Reinhard Bonnke: attempt to preach the Gospel in Kano sparked bloody riots in 1991

German evangelist Reinhard Bonnke, who died Saturday, had held crusades in the cities of Kaduna and Ilorin in October 1991, in which at the end of every night programme, there were thousands of crutches and turbans left on the floor of the open grounds for the crusades. Thousands were converted to embrace Jesus Christ and abandon Islam.

At the invitation of the Christian Association of Nigeria, and the Kano State branch of Reinhard Bonnke Ministry, a crusade was planned to be staged in Kano on 14 October.

Radio and Television advertisements disseminated the coming crusade, under the theme:Kano for Jesus. Some of the posters carried the message: “Jesus for all by the year 2000”.

Kano, one of the notable centres of Islam in Nigeria, along with Sokoto and Maiduguri, felt Bonnke was crossing the red line, trying to convert the muslim residents into Christianity, like he did in Kaduna and Ilorin. The evangelism, in their views, was dangerous to Islam.


Efforts were made to ensure that Bonnke did not use the Kano Race Course which had been earlier scheduled for the crusade.

The Muslims mounted pressure on the government to cancel the permit. Government did. But the Christians were undaunted as they changed the venue to the compound of St. Thomas/St. Louis School in Sabon Gari.

The only alternative left to the Muslims was to physically prevent the crusade from holding. Bonnke’s arrival on 13 October spurred them into spontaneous violence, which continued till 14 October 1991. The muslim rioters wanted Bonnke stopped from evangelising for Christ, at all costs.

According to various reports at the time, as many as 500 people died.Some accounts said over 2,000 people died. Many houses and vehicles were burned during the rampage.

The rioters, who placed Sabongari under siege, even wanted to attack Bonnke himself where he was holed. But he was reportedly protected by an emergency army of Christians, who built a wall around him.

The government imposed a dusk-to-dawn curfew and banned all religious gatherings to restore calm to the city.

Former President Ibrahim Babangida, who was out of the country rushed back home, as some reports indicated that hundreds of people had died.

A researcher of the riot wrote that it was difficult to arrive at the exact casualty figure, because many murdered Christians were dumped in wells, with many Christians attacked in Sabon Gari, Rimi Kebe and Tundun Murtala.

Isaac Olawale Albert, who researched the violence wrote:

The Kano religious riot of October 1991 was one of the moves made by Muslims to check the fast spread of Christianity in northern Nigeria. The problem was catalyzed by an attempt by the Christians under the umbrella of the Christian Association of Nigeria (CAN) Kano State branch and the Reinhard Bonnke Ministry from Germany to organize an evangelistic crusade around the theme, Kano for Jesus.

CAN in Kano gave the Reinhard Bonnke crusade wide publicity, much more than for previous events and several thousands of posters were pasted around Kano city. Some of the posters carried the message ‘Jesus for all by the year 2000’ and The Christian Crusade’. The word ‘crusade’ was not interpreted by the Muslims as the Christians meant it to be understood. To the Muslims the word meant religious warfare against the Islamic religion. The messages on these different posters were written not only in English but also in Hausa and Ajami (i.e., Hausa language written in Arabic letters), to ensure that the local Kanawa could read it. One side of some of the posters carried the photograph of a group of people (formerly blind) and on the other side of the poster were the bundles of sticks left behind by them after they had received their sight. This was an open invitation to the many handicapped in Kano to come forward for healing during the Reinhard Bonnke crusade. This annoyed the Kanawa, who are predominantly Muslim. They resolved to ensure that the Christian crusade did not hold.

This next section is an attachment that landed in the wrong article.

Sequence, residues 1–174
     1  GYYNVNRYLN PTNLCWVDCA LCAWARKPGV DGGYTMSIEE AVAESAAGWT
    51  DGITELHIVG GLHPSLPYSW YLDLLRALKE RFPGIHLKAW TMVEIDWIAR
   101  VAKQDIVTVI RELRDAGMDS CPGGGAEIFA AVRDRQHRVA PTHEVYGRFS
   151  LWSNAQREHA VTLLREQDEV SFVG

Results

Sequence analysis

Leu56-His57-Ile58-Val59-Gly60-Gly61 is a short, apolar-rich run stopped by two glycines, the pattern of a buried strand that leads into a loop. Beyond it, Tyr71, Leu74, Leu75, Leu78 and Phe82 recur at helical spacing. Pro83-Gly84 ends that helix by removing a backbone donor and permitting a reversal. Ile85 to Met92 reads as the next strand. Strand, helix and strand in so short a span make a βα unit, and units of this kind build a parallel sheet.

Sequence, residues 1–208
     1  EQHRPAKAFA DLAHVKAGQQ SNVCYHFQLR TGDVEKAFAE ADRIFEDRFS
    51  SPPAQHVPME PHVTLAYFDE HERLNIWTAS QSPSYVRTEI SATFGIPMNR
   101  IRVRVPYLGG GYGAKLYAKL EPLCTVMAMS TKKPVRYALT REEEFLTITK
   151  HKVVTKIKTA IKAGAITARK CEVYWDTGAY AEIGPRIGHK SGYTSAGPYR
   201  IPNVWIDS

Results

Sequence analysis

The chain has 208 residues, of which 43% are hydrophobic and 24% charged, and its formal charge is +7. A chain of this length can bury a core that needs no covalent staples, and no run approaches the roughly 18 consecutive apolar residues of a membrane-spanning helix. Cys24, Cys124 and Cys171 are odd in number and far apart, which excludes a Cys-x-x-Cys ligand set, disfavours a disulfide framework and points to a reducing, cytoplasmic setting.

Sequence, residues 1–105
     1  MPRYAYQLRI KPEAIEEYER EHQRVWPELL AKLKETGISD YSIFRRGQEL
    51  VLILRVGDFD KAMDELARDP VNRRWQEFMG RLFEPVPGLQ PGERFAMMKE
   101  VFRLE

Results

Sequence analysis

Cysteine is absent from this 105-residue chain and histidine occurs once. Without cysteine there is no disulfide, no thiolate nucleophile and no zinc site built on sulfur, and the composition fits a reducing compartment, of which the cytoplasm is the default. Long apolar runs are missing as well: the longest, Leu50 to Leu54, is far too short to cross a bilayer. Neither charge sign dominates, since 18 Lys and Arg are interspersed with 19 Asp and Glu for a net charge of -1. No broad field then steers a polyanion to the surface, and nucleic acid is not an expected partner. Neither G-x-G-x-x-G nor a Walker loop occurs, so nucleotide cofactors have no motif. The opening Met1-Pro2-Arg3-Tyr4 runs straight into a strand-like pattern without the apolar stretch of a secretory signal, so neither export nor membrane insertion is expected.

For a start, efforts were made to ensure that the Christians did not use the Kano Race Course which had been earlier scheduled for the crusade. The Muslims mounted pressure on the government to cancel the permit given to the Christians to use the place. Then the Christians changed the venue to the compound of St. Thomas/St. Louis School in Sabon Gari. The only alternative left to the Muslims was to physically prevent the crusade from holding. This they started on 13 October 1991 as soon as Evangelist Bonnke arrived in Kano. The Christians resident in Sabon Gari, Rimi Kebe and Tundun Murtala were attacked by the Muslims. The Christians (especially those in the Sabon Gari), unlike their practice in the past, launched counter-attacks killing as many of their aggressors as they could see. At the end of the crisis, over 500 people were recorded dead on both sides and much property destroyed.

Many southern Nigerian immigrants in Kano fled the city after the religious riot, while those that remained resolved to be more aggressive in any future encounters with the Muslims, in defence of their investments in Kano.